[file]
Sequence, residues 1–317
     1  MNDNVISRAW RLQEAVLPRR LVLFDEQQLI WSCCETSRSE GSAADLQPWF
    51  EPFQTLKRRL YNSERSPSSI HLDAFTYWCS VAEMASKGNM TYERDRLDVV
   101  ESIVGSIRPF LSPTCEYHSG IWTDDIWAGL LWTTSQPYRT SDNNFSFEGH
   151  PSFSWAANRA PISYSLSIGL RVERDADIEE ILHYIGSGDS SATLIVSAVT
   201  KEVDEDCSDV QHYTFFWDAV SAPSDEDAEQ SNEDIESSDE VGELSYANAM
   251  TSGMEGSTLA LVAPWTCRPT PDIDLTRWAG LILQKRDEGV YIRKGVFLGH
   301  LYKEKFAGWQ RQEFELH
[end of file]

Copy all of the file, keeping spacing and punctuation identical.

Sequence, residues 1–317
     1  MNDNVISRAW RLQEAVLPRR LVLFDEQQLI WSCCETSRSE GSAADLQPWF
    51  EPFQTLKRRL YNSERSPSSI HLDAFTYWCS VAEMASKGNM TYERDRLDVV
   101  ESIVGSIRPF LSPTCEYHSG IWTDDIWAGL LWTTSQPYRT SDNNFSFEGH
   151  PSFSWAANRA PISYSLSIGL RVERDADIEE ILHYIGSGDS SATLIVSAVT
   201  KEVDEDCSDV QHYTFFWDAV SAPSDEDAEQ SNEDIESSDE VGELSYANAM
   251  TSGMEGSTLA LVAPWTCRPT PDIDLTRWAG LILQKRDEGV YIRKGVFLGH
   301  LYKEKFAGWQ RQEFELH